Pat: The following is a guest contribution from Molly Galbraith, of Girls Gone Strong. She wants to talk to you on how to use the Minimum Effective Dose, so you can get the best results with no wasted effort. I’m a minimalist, so I love this stuff. Also Molly has a wonderful new program out, now, and it’s called The Modern Woman’s Guide to Strength Training. More info about that at the bottom.
Enter Molly Galbraith:
“That two hour cardio session was so fun! Let’s do it again tomorrow.” – No one
OK, so maybe if it were a really beautiful two hour hike through the mountains, or bike ride through Tuscany on your way to winery… maybe. Maybe.
But let’s be honest. The majority of people don’t want to do cardio for two hours a day, nor do they have the time or patience for it.
And most importantly? It’s not necessary.
How do I know? Because I’ve been there and done that. I’ve trained 8-12 hours a week in the hopes that I would finally get the body and health I desired.
And you know what I’ve found? I’ve found that when I do less, I get so much more out of it.
*The polka dot bikini picture was taken 5 weeks ago, and I’ve been following the MED method of training for almost 2 years. The other picture is from 2004 and is my “official before photo.” I am simply including it to show you that I wasn’t blessed with “lean, fit genes.”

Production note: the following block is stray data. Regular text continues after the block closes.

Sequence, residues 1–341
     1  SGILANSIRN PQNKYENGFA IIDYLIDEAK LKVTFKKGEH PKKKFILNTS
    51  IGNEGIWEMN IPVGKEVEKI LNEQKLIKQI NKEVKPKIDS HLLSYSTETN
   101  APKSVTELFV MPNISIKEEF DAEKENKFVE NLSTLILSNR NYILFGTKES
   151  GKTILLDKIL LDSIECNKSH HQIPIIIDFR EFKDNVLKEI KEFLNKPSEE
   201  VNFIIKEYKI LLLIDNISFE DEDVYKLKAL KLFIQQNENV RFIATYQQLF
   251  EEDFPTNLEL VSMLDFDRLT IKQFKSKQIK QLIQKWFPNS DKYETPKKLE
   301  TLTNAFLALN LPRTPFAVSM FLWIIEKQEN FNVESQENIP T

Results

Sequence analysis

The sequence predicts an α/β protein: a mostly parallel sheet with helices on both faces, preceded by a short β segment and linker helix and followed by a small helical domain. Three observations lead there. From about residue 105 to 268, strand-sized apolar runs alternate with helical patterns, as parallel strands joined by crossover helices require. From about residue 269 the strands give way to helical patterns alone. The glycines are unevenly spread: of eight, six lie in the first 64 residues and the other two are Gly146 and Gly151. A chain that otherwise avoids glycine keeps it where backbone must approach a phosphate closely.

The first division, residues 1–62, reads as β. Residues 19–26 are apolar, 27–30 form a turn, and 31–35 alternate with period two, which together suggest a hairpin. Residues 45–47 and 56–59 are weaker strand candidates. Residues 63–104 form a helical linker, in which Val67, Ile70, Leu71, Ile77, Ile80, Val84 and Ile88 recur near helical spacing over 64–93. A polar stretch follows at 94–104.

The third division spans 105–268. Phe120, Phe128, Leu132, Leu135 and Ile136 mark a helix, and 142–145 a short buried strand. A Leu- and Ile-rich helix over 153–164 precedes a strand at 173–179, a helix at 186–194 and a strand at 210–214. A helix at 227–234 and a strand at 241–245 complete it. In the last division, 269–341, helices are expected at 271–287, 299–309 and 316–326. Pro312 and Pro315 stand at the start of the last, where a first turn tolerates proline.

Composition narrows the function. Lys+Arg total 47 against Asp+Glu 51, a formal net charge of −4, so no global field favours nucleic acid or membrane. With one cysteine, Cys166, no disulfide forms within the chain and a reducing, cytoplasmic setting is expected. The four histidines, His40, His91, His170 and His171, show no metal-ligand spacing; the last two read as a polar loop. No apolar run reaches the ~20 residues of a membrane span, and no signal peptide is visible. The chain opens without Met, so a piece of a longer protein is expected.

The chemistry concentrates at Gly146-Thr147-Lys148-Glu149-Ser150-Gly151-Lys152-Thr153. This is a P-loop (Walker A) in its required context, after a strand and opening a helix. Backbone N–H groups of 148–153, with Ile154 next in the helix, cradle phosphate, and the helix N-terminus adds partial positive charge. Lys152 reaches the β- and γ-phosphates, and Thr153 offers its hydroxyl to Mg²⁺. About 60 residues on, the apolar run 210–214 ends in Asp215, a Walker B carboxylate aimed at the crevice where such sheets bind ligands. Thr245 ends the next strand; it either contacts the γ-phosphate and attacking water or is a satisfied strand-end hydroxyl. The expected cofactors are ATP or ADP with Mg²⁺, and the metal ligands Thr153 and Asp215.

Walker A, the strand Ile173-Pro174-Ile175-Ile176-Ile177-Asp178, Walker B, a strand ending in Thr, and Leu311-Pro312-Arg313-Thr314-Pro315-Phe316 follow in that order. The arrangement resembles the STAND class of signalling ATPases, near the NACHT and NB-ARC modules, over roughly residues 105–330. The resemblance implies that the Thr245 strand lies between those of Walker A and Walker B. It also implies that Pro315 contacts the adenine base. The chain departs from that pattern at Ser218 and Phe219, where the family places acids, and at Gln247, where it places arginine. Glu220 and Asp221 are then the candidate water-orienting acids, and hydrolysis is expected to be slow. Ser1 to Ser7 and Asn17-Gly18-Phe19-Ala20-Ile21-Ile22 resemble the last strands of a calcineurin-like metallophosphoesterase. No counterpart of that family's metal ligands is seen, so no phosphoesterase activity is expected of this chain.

I’ve found that doing the Minimal Effective Dose of training each week is what yields the absolute best results for myself, and my clients. (Assuming that our goals are simply to look better, feel better, and feel strong and capable. If you have other goals, you might need more training – but those goals sound pretty awesome to me!)
Because you are an avid reader of Pat’s blog, I trust that you’re familiar with Minimal Effective Dose. On the off chance that you’re not – I’ll explain. MED is the minimum amount of utils required to get the necessary effect you desire. The utils could be work, time, money, etc.
Here’s a good example:
If you have a headache and 200 mg of ibuprofen would get rid of it, why would you take 800 mg? Sounds insane, and even dangerous, right?
Yet that’s what so many people (especially women) do with exercise. They do entirely too much, and in fact, they often end up grinding themselves to an absolute pulp all in the name of health and a fit physique. I know I did.